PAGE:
A veterinarian and farmer herself, A/Prof Robyn Alders has dedicated her career to international development work with traditional smallholder farmers.
UPDATE: Associate Professor Robyn Alders received the inaugural international Mitchell Humanitarian Award at a ceremony at the Australian National University on February 15. The award recognises Australians and others supported by Australian aid who have made an outstanding contribution to the cause of international development.
When environmental researchers began to carry out field work in the remote north east of Madagascar, they discovered a complex web of problems.
In the island’s forest communities, bushmeat was a traditional and vital source of food. The meat was rich in nutrients but carried the risk of zoonotic disease. The researchers realised too that hunting practices were destroying wildlife at an unsustainable rate.
The farmers they talked to said they would prefer to keep chickens rather than hunt wildlife, but the chickens kept dying.
Enter Robyn Alders, a veterinarian and researcher with more than 20 years’ experience of working with smallholders in Africa and Asia.
Called in to help the Malagasy farmers, she recognised that there was a major problem with Newcastle disease, an acute infectious disease that can cause huge mortalities in chickens. With partners from San Francisco Zoo and Harvard University, she helped to set up a sustainable vaccination program so that the vaccines could be produced locally and training given to local scientists and community members. Introduced in 2016, the program is already showing promising signs of success.
For Dr Alders, the project was the start of an ongoing collaboration with Harvard ecologist Chris Golden, who has been conducting field research in Madagascar since 1999.
They are both deeply involved in the Planetary Health Alliance, a network of universities and NGOs whose members have an interest in the health of human civilisation and the state of the natural systems on which it depends.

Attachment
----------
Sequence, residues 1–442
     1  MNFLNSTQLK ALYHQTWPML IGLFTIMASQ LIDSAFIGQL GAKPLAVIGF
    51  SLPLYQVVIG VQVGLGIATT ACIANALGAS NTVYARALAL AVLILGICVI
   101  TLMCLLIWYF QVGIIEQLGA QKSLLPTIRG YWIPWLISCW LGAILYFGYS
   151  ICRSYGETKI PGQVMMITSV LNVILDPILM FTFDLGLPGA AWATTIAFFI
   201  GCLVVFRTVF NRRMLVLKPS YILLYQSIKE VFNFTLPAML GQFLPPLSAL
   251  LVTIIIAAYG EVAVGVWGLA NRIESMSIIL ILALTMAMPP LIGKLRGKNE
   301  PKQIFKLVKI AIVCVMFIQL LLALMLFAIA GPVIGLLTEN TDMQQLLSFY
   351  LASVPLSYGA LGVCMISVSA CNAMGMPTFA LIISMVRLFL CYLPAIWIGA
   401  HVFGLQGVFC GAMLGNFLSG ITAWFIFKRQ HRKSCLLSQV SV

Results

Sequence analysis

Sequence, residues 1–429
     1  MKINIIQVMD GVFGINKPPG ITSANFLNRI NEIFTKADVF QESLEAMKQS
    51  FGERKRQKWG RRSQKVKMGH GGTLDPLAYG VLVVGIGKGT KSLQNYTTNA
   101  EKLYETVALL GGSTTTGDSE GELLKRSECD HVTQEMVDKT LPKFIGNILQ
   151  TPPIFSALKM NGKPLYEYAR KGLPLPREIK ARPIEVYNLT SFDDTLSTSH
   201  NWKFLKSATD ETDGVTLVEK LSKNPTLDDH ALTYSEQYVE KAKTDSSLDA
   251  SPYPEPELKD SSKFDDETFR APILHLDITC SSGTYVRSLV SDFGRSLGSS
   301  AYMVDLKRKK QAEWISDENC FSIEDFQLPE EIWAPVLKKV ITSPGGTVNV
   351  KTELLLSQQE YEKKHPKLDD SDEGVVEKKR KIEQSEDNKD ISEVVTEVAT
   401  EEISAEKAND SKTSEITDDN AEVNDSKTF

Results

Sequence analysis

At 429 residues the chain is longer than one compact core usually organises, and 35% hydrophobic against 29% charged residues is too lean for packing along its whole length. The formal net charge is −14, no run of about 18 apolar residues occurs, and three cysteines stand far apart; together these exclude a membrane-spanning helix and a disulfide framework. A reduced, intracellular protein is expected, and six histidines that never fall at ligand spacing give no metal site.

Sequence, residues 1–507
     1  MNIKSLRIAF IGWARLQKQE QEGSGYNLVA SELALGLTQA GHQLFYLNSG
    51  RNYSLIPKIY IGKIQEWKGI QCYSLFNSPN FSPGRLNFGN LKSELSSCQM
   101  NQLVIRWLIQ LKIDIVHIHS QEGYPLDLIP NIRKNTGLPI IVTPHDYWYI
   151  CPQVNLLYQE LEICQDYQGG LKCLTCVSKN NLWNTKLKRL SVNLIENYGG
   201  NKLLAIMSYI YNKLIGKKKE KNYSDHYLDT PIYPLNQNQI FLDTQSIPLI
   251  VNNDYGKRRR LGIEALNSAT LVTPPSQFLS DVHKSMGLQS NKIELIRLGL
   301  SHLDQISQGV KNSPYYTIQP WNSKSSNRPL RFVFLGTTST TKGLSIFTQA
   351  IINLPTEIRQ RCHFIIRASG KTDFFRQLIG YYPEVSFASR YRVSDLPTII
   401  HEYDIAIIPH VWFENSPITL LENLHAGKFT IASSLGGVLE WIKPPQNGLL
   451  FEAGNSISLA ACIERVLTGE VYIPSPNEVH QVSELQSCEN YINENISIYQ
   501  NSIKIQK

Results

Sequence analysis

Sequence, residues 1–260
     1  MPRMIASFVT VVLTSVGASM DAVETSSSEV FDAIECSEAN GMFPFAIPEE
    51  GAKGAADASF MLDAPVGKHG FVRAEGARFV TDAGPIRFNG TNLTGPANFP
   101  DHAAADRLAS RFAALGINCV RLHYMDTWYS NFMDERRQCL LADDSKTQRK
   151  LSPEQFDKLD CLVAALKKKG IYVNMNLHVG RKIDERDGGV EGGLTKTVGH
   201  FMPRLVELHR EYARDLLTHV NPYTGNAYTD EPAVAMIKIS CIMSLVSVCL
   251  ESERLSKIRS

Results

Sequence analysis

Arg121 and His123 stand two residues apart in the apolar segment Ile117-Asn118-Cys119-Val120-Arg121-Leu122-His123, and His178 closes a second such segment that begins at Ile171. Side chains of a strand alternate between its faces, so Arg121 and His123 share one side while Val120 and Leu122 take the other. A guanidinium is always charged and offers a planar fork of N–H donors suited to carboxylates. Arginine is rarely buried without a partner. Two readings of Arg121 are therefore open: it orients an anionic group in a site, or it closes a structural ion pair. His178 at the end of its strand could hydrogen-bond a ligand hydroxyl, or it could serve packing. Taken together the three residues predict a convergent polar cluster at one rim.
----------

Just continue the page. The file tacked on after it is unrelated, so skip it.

Based at Harvard, the PHA is supported financially by the Rockefeller Foundation. The University of Sydney is a member and has taken a lead by appointing Tony Capon as the world’s first Professor of Planetary Health.
Dr Alders explains: “This is a new area of study that has emerged from previous interdisciplinary initiatives and works across multiple disciplines including the social sciences.
“Planetary health puts human health front and centre, but also focuses on the ecological drivers that underpin human health.”
Dr Alders, a principal research fellow in the School of Life and Environmental Sciences, was a founding member of the PHA’s scholars’ network. Her primary interests are food and nutrition security research and development activities.
Born into a farming family at Taralga near Goulburn, she trained as a vet at the University of Sydney and became interested in social justice and international development while living at Wesley College.
She spent more than 20 years working with smallholder farmers across Africa and Asia, developing ways of dealing with outbreaks of Newcastle disease and avian flu which often pose a devastating threat to small livestock producers.
In 2011 she was the first female veterinary science graduate to be awarded the Order of Australia, for her work as a researcher and educator and for her efforts to build food security in developing countries.
Remarkably, she has continued her academic career while pursuing a parallel life as a farmer.
“I own my own farm 30 minutes from where I grew up – 200 hectares producing Merino sheep,” she explains.
“It’s a way for me to understand what it’s like to farm in Australia now – and it’s not much fun dealing with intermittent income, with all the regulations, with the two-supermarket system and now increasing weather variability.”
She is also acutely aware that the developed world offers a deeply flawed template for the developing world to follow.
She points out: “Many of the examples and aspirations we are setting are inappropriate. If you look at issues like obesity and mental health, it’s obvious that our system isn’t working – so why on earth should low-income countries aspire to be like us?”
But she sees planetary health as the most effective way to tackle the multiple challenges facing human societies
“Globally we are facing interconnected crises of climate change, the double burden of under- and over-nutrition, pandemics, mass migration and economic downturn,” she says.
“To respond effectively we need a global coalition that promotes welfare in the broadest sense by recognising the inseparable interdependence of human and natural systems.”
“No one individual, group or sector can deliver ethical and ecologically sustainable human and domestic animal diets. Together, we have to!”
Robyn Alders will be attending the inaugural Planetary Health/GeoHealth annual meeting at Harvard Medical School on 29-30 April 2017.